Public Infrastructure Reconstruction

Volunteer in action

Public Infrastructure Reconstruction

The infrastructure of a nation is the beating heart of economic security for its citizens. Often the first casualties of conflict are the roads, bridges, electrical grids and water pipes that help people live their lives. Our historical focus on shelter has granted SFL with great capacity for construction, which has been expanded and refined over the years to form a new core competency for us, infrastructure reconstruction. Reconstruction and renovation of community infrastructure enables individuals and communities to connect with and develop sustainable local, regional and national markets.

For two decades, our team has been rebuilding infrastructure in remote areas of the world, where a quality road can make the difference between a farmer getting their crop to market or spoiled in the field. Reliable electricity can mean needed medicine and food being kept, or discarded. And potable water delivery is the defining line between a positive health outcome or illness. At SFL, we believe shelter means more than just a roof and four walls, it is a linchpin of a stable society.

Rural Roads

The reconstruction of roads is vital for economic recovery and social sustainability. SFL’s road projects are aimed at connecting remote, primarily agricultural communities, with their regional and national markets. SFL’s roads projects provide immediate short-term employment for local laborers with a long-term goal of providing families and communities with a wealth of opportunities to participate in the surrounding markets and improve their livelihoods.

Throughout our various projects, our team has constructed hundreds of kilometers of roads, including farm-to-market and feeder roads. We have developed effective methods of rural road rehabilitation and construction which combines unskilled labor with heavy machinery. This method—proven in recent projects—is low cost, engages and unifies communities, and builds capacity for local business and village authorities.

Water, Sanitation and Hygiene (WASH)

After the air we breathe, clean water is the most critical of all human needs. Our team works with remote and conflict effected communities to develop solutions that will increase the supply and cleanliness of water. Through a variety of Water, Sanitation and Hygiene (WASH) initiatives, each shaped by local context and need, we have successfully implemented projects that distribute emergency water, and construct water wells, pipelines, community hand pumps, and rainwater collection systems.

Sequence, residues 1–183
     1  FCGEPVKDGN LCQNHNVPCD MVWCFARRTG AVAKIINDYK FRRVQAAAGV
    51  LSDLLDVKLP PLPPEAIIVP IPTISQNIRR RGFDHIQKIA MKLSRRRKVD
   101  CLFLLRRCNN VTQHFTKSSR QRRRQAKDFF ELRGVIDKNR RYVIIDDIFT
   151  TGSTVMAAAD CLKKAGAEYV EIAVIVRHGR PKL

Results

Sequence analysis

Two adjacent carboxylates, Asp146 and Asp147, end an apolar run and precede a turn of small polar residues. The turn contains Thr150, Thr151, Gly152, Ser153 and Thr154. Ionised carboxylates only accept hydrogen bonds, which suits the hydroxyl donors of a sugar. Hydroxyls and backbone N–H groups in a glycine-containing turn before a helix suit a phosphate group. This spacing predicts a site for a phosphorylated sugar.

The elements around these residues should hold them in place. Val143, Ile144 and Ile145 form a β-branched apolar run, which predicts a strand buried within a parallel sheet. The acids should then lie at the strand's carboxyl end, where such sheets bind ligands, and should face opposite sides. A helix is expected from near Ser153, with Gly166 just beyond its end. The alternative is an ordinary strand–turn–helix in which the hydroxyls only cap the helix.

In addition, we also work to address the inadequate sanitation systems experienced by many around the world by constructing latrines and implementing refuse collection and educational programs. These activities are complemented by community health and hygiene training which is offered to local community members and local staff.

Irrigation and Flood Protection Services

Access to water is an imperative component of profitable and resilient farming. We work with farming communities to improve irrigation and increase crop yields by constructing comprehensive irrigation systems, including channels, aqueducts, reservoirs, pipelines, spray and pivot irrigation, gabion and other protective walls, terracing, and tree planting.

These types of interventions not only improve access to water for irrigation, but are also essential in reducing flood risk and soil erosion to communities and farmland. To ensure the sustainability of these projects, we also establish and develop water management committees to oversee the efficiency and resilience of irrigation practices.

Storage and Post-Harvest Handling Facilities

Shortcomings in post-harvest infrastructure are often critical factors in determining how much food is lost in the supply chain. A lack of storage or processing equipment can often lead to the unnecessary loss of produce, and in turn, the loss of income. We work with farming communities to design, build and deliver agricultural storage and post-harvest handling facilities.

These structures are designed to be appropriate to the local context, incorporating cultural concerns and geographic needs such as ventilation and moisture control, and utilizing locally sourced materials and skilled labor. We also ensure our designs incorporate structural and non-structural disaster risk reduction elements to ensure sustainability. By these means, post-harvest loss can be significantly decreased and storage periods increased, allowing farmers to gain better prices for their products and increase their incomes.


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"When the road was completed, we came back and realized that the road had also brought peace with it." ~Bourama